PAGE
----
Asian stocks were subdued Friday, after the U.S. market saw its second-slowest trading day of the year and as investors continued to shrug off geopolitical tensions.

The Nikkei slipped 0.2%, following four straight days of gains. Trading activity is expected to stay muted, as Japan enters the third and final day of the annual midsummer "Obon" holiday, during which many domestic investors take time off.

"With a stable dollar, good earnings reports, and a few geopolitical tribulations overseas, stocks could resume their upward trend," said Eiji Kinouchi, chief technical analyst at Daiwa Securities.

The dollar was last wavering near Yen102.5, compared with Yen102.45 in New York late Thursday. It initially slipped after higher-than-expected U.S. jobless claims fueled expectations thatthe country would see lower interest rates for longer. Initial claims for unemployment benefits increased by 21,000 to a seasonally adjusted 311,000 in the week ended Aug. 9, but remained near eight-year lows.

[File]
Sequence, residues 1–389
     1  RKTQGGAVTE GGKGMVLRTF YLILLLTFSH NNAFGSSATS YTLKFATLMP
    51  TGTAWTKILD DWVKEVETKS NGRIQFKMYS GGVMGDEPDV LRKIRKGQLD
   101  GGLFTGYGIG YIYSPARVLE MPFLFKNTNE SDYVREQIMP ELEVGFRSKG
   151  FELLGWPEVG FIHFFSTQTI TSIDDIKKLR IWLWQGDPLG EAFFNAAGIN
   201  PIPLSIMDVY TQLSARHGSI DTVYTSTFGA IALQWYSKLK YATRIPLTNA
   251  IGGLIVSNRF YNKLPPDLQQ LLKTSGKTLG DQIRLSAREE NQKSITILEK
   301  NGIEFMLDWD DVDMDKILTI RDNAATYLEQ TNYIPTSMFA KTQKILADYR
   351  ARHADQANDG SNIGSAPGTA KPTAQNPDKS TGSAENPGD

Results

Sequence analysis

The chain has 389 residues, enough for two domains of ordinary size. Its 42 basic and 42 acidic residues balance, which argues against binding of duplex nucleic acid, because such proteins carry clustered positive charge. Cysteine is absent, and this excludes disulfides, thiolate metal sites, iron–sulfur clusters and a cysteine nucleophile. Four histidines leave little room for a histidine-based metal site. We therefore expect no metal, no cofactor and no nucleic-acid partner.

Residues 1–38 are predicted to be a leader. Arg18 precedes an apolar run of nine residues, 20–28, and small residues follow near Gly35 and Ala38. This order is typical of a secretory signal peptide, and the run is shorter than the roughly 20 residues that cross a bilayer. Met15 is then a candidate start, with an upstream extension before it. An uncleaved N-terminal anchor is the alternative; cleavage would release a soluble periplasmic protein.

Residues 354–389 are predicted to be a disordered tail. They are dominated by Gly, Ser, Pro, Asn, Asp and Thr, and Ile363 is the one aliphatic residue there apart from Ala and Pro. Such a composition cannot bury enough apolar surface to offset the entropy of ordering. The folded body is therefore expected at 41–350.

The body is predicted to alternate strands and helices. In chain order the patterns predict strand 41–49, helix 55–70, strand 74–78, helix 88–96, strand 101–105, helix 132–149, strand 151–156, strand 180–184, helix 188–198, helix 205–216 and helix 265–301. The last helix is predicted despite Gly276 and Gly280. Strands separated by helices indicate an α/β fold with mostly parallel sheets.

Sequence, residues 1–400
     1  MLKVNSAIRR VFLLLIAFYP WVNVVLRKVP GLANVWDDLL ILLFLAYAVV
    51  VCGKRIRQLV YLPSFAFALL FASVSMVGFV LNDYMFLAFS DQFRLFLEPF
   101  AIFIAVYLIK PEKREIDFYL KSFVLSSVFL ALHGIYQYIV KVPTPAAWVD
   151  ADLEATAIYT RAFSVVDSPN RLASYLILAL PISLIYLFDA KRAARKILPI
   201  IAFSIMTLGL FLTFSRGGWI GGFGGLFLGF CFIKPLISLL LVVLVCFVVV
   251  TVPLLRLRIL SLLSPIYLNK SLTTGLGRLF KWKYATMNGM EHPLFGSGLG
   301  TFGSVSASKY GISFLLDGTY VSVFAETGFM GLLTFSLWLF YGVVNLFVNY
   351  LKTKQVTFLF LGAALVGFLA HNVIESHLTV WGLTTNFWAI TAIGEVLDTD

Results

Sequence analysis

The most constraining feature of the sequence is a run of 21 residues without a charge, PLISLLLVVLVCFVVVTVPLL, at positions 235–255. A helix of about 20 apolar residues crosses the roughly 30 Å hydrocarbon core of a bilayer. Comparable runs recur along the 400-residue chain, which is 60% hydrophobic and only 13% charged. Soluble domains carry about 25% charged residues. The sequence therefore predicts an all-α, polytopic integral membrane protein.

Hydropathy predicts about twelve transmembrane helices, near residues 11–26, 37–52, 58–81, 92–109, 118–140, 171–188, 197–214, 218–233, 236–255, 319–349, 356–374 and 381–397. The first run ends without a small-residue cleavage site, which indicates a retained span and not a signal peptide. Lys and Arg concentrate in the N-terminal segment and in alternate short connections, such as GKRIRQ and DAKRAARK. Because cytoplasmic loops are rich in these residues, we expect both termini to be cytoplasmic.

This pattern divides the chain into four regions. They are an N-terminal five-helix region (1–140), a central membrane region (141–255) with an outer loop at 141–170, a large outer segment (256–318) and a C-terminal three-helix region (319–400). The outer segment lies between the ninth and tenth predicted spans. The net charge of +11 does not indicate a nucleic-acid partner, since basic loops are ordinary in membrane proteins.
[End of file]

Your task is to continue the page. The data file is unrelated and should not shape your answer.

U.S. stocks have seesawed in the past month, as market concerns about the end of the Federal Reserve's easy monetary policy, tensions in Ukraine and an insurgency in Iraq give way to improving economic data, in particular in the labor market.

Elsewhere in Asia, Australia's S&P/ASX 200 was up 0.3% and South Korea's Kospi was trading roughly flat.

Australia's market has seen pressure from a spate of disappointing earnings results. ANZ shares were last down 0.8%, after the firm reported weaker-than-expected profits in the third quarter.

-- Bradford Fischkorn contributed to this article.

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August 14, 2014 22:25 ET (02:25 GMT)

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